"Energy, like time, flows from past to future"

    Wailing

    ReplyDelete
  3. It occurs that the US is economically raping Europe, one of their largest markets. Once that wealth gets into the industrially denuded States, who will there be to buy whatever productive use it is put to? Not Europe which will resemble the post Soviet Russia.
    I doubt Russia and China will care greatly about world oil markets, they can consume all Russian oil and gas. Any surplus will be kept within BRICS which will include the Middle East producers.
    If the US is playing a bigger game it is not obvious, seems to me that China and Russia have anticipated US intentions and defended very elaborately. I fear we in the West are going to have a very hard landing.

    ReplyDelete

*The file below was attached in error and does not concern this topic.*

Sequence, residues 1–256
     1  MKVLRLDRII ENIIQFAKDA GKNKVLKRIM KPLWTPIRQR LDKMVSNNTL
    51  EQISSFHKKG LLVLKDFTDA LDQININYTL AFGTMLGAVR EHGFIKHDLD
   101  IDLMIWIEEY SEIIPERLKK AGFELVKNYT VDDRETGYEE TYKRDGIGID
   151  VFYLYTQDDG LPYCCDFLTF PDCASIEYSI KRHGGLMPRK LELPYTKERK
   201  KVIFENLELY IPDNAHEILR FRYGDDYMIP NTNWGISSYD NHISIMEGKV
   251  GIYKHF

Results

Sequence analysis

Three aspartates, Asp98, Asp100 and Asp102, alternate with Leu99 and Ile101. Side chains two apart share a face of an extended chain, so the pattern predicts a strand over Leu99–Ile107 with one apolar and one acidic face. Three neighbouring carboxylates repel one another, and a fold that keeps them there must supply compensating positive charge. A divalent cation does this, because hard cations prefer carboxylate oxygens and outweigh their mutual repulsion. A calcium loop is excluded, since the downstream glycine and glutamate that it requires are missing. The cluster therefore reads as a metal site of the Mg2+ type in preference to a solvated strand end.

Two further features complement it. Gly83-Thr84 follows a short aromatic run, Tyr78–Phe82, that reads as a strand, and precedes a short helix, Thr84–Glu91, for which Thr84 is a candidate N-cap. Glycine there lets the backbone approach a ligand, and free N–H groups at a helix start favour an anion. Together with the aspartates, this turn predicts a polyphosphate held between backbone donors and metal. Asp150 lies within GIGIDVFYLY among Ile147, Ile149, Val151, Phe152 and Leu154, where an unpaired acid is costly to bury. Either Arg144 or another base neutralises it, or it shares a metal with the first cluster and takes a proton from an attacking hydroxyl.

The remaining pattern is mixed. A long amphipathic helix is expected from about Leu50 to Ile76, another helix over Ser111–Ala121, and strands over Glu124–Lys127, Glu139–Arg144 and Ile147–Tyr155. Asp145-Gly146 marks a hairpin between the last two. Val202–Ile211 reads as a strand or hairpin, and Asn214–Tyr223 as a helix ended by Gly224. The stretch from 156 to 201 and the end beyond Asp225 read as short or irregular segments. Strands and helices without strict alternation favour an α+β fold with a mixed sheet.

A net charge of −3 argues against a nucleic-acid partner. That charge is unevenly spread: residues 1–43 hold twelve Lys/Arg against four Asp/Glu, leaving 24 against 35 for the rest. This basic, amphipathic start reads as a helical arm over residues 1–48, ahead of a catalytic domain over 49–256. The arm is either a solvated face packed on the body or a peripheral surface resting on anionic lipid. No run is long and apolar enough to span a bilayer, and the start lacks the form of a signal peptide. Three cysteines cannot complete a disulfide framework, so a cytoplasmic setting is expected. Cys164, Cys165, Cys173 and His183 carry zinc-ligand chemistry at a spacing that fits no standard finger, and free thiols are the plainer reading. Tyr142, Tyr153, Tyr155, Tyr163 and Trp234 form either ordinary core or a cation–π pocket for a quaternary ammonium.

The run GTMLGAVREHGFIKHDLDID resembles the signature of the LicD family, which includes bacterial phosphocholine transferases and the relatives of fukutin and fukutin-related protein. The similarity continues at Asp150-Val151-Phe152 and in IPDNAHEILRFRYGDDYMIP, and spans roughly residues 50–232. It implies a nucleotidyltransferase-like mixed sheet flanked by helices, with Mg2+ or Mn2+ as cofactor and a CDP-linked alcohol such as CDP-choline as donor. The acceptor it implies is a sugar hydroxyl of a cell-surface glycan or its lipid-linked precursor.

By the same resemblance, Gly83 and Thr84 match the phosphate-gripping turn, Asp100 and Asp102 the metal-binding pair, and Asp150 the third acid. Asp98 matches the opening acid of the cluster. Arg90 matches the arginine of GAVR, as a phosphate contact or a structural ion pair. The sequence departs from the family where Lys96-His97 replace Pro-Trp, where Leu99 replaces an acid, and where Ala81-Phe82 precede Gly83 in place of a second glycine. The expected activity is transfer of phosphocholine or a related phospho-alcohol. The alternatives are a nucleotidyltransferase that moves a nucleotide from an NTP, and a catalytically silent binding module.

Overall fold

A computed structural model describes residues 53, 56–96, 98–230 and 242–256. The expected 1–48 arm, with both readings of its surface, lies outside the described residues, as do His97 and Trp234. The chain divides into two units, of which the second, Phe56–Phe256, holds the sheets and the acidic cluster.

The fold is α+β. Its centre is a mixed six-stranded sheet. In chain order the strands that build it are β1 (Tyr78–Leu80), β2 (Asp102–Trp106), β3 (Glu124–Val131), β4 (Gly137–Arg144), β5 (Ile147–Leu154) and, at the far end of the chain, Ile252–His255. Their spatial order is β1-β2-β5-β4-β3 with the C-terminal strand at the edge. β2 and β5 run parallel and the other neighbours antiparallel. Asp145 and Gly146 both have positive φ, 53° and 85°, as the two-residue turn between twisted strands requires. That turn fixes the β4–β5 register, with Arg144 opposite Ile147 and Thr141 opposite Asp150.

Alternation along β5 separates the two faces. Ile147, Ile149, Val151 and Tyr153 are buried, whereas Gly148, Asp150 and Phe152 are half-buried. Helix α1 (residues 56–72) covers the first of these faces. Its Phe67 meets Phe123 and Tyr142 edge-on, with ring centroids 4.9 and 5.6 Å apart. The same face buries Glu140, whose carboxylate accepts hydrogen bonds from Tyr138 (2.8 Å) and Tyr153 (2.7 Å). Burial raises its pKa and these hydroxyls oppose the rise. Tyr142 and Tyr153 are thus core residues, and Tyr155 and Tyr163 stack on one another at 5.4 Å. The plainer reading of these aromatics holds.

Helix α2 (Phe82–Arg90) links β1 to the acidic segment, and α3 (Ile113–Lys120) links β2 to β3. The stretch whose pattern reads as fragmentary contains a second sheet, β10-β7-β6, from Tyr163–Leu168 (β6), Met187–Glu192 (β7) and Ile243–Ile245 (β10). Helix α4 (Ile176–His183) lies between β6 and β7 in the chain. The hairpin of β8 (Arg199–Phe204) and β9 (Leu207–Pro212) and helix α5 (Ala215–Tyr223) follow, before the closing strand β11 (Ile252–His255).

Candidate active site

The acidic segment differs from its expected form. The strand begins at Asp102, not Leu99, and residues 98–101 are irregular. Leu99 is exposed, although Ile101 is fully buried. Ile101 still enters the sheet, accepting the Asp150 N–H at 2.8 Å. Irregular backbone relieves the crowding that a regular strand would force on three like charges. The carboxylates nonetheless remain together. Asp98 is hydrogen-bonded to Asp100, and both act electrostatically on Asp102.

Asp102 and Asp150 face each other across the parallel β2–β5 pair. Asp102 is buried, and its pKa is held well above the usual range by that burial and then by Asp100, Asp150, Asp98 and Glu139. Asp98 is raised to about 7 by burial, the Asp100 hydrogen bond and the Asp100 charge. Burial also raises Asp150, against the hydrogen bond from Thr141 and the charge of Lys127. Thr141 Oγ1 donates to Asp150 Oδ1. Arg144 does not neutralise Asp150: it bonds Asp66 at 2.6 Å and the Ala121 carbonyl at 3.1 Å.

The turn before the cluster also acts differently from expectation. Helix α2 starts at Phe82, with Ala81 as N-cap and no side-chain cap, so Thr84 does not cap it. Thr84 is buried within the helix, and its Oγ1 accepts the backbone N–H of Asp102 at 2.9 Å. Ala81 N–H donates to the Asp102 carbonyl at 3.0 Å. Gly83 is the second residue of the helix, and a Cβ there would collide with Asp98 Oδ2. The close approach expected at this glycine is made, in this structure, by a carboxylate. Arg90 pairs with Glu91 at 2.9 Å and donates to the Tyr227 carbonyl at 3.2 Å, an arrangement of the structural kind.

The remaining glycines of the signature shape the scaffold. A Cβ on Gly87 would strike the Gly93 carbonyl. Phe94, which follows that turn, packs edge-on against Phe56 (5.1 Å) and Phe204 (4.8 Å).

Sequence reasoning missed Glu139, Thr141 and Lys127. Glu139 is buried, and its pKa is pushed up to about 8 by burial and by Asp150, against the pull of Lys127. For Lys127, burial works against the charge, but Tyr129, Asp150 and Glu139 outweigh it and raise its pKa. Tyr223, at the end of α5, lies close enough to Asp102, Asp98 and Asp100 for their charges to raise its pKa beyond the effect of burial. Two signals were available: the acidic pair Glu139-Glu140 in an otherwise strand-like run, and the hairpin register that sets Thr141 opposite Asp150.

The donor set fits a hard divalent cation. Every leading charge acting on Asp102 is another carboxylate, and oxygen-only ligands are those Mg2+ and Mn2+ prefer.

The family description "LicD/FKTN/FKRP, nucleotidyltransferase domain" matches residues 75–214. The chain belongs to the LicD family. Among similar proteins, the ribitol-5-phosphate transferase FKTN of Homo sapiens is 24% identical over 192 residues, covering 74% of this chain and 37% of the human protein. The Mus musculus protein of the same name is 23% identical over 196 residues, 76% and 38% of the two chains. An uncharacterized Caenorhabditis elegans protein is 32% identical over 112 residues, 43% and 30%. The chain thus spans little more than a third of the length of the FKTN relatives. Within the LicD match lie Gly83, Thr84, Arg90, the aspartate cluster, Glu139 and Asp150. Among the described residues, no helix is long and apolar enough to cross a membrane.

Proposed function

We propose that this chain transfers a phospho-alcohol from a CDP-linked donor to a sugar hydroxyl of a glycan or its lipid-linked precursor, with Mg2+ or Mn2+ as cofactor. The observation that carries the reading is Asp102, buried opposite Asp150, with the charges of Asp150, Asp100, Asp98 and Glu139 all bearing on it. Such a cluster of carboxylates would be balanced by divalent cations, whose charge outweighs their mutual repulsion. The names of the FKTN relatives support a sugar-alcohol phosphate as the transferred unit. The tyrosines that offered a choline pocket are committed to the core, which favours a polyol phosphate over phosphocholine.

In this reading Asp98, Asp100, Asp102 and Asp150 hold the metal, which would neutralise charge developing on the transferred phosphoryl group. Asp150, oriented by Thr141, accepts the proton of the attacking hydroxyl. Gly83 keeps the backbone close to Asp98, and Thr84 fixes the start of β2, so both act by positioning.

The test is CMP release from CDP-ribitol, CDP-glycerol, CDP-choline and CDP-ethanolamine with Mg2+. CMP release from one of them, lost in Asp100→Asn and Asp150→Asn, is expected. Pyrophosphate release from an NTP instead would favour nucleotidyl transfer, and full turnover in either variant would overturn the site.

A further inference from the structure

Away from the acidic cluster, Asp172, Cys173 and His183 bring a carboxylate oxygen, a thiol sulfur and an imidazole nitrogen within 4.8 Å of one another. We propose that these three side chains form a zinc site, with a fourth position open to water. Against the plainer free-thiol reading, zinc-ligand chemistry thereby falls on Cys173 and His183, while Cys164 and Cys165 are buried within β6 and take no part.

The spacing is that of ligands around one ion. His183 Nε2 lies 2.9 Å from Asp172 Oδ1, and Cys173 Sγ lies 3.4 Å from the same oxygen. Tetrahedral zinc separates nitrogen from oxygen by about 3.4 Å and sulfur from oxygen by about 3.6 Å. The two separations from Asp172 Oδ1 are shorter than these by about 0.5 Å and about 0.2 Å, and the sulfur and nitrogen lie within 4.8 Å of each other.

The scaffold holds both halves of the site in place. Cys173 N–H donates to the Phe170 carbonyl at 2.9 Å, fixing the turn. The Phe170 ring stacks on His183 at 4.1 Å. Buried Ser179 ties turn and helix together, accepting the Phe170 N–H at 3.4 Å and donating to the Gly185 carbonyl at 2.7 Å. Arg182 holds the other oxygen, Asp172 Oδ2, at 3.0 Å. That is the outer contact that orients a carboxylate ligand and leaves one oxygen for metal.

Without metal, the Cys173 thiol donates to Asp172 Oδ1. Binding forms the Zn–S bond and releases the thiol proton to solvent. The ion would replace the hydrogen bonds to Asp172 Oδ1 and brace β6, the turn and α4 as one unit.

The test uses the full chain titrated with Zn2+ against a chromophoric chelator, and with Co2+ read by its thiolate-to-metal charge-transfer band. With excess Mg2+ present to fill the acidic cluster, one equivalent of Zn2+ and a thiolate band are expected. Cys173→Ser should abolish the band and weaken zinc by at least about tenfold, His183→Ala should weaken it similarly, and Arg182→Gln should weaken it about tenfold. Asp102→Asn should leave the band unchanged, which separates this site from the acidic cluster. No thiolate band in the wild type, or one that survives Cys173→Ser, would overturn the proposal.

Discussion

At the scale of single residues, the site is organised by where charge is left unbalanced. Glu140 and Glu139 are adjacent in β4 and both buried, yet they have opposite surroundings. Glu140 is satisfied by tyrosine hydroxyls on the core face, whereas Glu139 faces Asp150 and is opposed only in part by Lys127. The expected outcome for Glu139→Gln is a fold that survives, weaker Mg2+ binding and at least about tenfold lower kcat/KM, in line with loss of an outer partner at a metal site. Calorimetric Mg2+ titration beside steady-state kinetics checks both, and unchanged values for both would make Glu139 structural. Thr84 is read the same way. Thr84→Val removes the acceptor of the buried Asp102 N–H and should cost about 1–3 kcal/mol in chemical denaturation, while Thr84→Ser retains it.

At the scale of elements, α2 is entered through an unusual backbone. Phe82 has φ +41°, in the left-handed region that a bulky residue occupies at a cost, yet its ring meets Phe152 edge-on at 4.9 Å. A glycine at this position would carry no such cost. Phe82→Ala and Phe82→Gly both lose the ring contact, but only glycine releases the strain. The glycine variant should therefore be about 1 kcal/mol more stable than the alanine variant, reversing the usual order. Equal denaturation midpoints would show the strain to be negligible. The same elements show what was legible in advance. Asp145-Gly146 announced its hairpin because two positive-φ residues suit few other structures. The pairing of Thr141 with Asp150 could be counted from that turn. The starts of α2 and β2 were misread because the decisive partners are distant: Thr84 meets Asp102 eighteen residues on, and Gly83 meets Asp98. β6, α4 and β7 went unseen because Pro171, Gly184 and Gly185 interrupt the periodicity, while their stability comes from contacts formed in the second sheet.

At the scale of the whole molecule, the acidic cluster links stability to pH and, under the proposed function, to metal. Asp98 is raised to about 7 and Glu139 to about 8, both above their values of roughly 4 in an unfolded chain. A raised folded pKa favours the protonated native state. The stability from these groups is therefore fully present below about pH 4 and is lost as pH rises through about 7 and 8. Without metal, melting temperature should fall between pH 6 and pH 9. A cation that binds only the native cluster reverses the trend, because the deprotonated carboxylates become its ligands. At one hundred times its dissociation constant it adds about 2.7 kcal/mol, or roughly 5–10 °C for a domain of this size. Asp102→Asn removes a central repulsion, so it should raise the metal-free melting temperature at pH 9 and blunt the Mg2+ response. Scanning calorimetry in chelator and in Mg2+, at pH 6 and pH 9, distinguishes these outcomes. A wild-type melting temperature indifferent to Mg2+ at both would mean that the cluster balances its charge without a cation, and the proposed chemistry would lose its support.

4. You are moving back into the hard hitting form of the early posts when I started reading you...Extermination Essays, if a bit more reserved in not naming names (or as you might avoid "conspiracy groups"). Good to see it. You have not dealt with the biggest possible/probable "big thing." No one wants to deal with it. Moon of Alabama commenters had a few things re this...the US is forcing the EU countries to ship all their weapons to the Ukraine so they will be defenseless...and one other comment re the US waiting for the Pearl Harbor moment...which is true, and will force Russia to come down hard, militarily (as Gilbert Doctorow said yesterday from Russia, the Russian public is being kept in the dark about the worst of the Ukrainian atrocities that are filling up Russian military hospitals, and when they learn of them, Putin will have to let the hawks loose)...What will happen then? no one wants to talk about Biden's Dark Winter allusions in his last debate with Trump in 2019...or the exercise itself in 2002 with its provision of nuclear first strike by the US...or the removal of the US legal prohibition on first strike for the US, or the attempt to pass a post nuclear governance provision...one wonders...nuclear winter, 5 billion dead of starvation, or will Russia stave this off somehow with an EMP or other? The problem for Russia is that if it really wants to denazify the world, it's got to either kill or put all the leaders of the NATO countries on trial or hang them. This is no mean job. They will be hiding...maybe in the underground bunkers a la Dr. Strangelove.